Both drills, the 2×4 and Chas’ drill, stress fluid hip movement and balance, and look for ways to address these issues. Mechanically, the blog post and the videos embedded in them look to solve many of the problems facing hitters at all levels. Pippitt looks to show readers and viewers how to use their athleticism in their swings. Because, for Pippitt, athleticism is the source of a powerful swing, hitters must continue to develop and implement their athleticism into their swings.

Thoughtful teaching tips for youths

Thursday, Dec. 27th 2012 is a website devoted to the collection of all things hitting, but for this blog post we will focus our attention on their article entitled Teaching Hitting to Youth in 9 Powerful Steps.  The article develops nine rules to help coaches teach their youth the science of the swing. Among the principles that guide these nine steps, which include keeping it simple, being patient, giving feedback, and the use tee work, the article stresses the importance of being able to relate to your players. Several ways that the article suggests a coach can relate with their players is by conducting drills in small groups that rotate every ten minutes, finding out what your kids like—video games, reading, other sports—and relate your messages through those vessels, and by rewarding them with games for good behavior at the end of practice.

Most of all, the article stresses the idea of keeping it simple for youth hitters, an idea that many baseball players lose track of later in their careers. Keeping it simple offers the opportunity for youth players to make large improvements through simple instructions. When you focus on one or two simple ideas you can increase your ability dramatically, whereas if you focus on ten ideas in a single session your hitter isn’t very likely to remember anything. Base your instruction relative to the age level, and remember that your instruction is supposed to be what is best for the player, not what will win games.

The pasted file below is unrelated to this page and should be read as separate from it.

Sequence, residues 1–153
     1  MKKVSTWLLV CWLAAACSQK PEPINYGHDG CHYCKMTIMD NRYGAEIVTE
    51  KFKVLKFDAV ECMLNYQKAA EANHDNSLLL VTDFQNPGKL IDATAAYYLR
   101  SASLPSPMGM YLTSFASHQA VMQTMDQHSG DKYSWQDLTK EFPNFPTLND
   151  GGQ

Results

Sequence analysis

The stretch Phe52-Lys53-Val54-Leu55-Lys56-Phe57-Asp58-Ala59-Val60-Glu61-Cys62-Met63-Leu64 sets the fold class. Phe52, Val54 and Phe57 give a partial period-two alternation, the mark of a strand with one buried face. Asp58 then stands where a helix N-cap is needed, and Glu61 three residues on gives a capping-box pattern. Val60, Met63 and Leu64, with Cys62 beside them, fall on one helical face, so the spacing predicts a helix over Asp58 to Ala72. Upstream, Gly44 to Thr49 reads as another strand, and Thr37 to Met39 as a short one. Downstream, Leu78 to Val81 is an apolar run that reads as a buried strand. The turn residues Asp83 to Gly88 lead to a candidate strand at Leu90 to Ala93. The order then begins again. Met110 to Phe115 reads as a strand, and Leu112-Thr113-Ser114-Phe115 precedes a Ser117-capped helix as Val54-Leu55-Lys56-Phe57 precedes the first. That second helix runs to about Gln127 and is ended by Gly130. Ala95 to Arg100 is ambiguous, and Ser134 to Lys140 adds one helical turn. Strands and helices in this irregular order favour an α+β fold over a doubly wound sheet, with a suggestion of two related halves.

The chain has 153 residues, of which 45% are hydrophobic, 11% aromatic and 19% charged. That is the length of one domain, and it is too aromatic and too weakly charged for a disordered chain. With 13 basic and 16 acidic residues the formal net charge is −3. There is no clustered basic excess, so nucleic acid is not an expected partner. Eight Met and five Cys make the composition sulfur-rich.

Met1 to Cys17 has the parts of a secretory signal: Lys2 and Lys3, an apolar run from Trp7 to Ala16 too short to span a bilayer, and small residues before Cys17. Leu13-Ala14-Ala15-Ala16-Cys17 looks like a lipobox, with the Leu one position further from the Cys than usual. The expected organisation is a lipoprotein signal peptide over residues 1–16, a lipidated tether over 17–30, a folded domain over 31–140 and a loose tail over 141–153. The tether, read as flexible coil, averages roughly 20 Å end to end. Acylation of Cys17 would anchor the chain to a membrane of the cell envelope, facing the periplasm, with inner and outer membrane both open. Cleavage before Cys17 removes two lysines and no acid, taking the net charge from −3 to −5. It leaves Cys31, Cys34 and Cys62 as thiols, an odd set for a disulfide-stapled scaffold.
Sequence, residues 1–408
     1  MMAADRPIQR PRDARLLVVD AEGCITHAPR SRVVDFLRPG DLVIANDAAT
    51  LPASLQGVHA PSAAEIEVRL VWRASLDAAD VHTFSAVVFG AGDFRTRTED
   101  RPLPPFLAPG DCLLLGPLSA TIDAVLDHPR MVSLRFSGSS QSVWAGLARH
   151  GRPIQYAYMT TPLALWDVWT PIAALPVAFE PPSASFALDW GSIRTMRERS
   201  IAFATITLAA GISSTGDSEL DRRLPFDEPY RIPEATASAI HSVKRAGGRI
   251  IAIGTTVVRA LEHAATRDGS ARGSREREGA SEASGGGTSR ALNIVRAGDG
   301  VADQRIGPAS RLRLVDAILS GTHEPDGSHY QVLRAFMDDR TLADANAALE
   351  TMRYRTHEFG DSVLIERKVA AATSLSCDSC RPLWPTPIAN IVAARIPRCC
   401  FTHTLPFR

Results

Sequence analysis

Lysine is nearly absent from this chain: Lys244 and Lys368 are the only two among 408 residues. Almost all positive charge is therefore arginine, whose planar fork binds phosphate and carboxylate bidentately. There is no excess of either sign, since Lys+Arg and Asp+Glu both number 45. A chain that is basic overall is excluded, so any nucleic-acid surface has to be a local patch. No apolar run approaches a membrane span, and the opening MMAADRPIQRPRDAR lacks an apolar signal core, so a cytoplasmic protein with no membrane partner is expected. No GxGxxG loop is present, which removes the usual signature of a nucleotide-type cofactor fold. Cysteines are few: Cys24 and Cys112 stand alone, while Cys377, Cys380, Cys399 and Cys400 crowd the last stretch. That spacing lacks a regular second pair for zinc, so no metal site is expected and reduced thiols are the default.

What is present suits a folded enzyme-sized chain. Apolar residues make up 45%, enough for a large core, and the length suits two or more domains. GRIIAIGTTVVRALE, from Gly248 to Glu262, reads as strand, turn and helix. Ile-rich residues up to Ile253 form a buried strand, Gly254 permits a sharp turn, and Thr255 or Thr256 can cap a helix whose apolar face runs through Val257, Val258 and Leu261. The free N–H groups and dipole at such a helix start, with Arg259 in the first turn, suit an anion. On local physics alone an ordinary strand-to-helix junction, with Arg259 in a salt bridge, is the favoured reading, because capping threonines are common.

Optimizing the Kinetic Link in the Baseball Swing

Friday, Dec. 21st 2012’s goal of developing scientific baseball/softball based hitting equipment and instructional videos is shown through their blog post entitled Optimizing the Kinetic Link in the Baseball Swing. ISO baseball looks to describe scientifically the link between kinetic energy and the baseball swing. Simple enough.

To make it easy for our readers I will explain some of the complex topic present in the article. Conservation of momentum is the way that, in a closed system (for our purposes the human body in a baseball swing), the total flow of momentum is constant once it is started.  For example, Newton’s cradle (Figure 1) demonstrates how momentum, once you drop a ball from the left side of the cradle, transfers all the way through the separate but isolated parts of the cradle. Now that we have defined conservation of momentum lets define the kinetic link. The kinetic link is the principle that body segments generate velocity by accelerating and decelerating adjacent links and using internal and external muscle torques applied to the body segments in sequential manners. Sounds like a fancy way to describe hitting a baseball. Now that we know what conservation of momentum and the kinetic link are, we can focus on the hitting philosophy developed by ISO Baseball.